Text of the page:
n. A union (not merger) between two (or more) states through the person of a shared monarch, who is head of state of each, under separate constitutions, although dyastic policy aims to continue this union after each succession to the thrones.
A personal union is the combination of two or more states that have the same monarch while their boundaries, laws, and interests remain distinct. It differs from a federation in that each constituent state has an independent government, whereas a unitary state is united by a central government. The ruler in a personal union does not need to be a hereditary monarch.
Personal unions can arise for several reasons, ranging from coincidence (a woman who is already married to a king becomes queen regnant, and their child inherits the crown of both countries) to virtual annexation (where a personal union sometimes was seen as a means of preventing uprisings). They can also be codified (i.e., the constitutions of the states clearly express that they shall share the same person as head of state) or non-codified, in which case they can easily be broken (e.g., by the death of the monarch when the two states have different succession laws).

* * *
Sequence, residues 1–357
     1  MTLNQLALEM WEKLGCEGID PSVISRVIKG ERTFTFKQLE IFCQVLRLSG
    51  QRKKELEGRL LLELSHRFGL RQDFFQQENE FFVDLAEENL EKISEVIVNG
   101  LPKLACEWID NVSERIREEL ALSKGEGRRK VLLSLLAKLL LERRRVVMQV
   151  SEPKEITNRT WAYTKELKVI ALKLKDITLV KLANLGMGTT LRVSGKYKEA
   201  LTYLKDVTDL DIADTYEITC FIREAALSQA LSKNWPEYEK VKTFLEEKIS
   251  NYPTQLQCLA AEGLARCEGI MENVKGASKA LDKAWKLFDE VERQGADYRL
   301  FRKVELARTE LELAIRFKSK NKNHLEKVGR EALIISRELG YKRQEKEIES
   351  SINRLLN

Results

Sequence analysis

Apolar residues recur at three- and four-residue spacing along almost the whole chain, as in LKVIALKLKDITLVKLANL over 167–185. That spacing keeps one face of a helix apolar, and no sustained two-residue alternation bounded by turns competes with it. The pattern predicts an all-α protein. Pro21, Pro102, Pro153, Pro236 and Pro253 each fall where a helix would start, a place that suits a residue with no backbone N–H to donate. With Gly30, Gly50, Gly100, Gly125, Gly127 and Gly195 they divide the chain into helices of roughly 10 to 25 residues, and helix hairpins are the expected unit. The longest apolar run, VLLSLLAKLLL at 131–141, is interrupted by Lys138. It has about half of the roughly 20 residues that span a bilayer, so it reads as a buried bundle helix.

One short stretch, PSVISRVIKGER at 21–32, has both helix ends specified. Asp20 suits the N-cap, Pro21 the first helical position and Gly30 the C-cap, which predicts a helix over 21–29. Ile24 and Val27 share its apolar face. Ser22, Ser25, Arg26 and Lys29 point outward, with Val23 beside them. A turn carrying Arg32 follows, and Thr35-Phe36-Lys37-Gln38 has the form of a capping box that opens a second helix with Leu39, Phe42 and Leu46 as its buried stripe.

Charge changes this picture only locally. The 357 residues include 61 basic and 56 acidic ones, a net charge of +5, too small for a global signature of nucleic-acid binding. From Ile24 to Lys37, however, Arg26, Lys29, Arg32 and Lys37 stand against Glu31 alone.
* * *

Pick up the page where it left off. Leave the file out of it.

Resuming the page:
The Commonwealth realms, not listed below, are independent states that share the same person as monarch.
Because presidents of republics are ordinarily chosen from within the citizens of the state in question, the concept of personal union has almost never crossed over from monarchies into republics. A rare example of a republican president with a personal union, however, is the President of France. Even though France is a republic with a president and not a monarchy, it is nevertheless in personal union with the neighboring nominal monarchy (non-hereditary) of Andorra.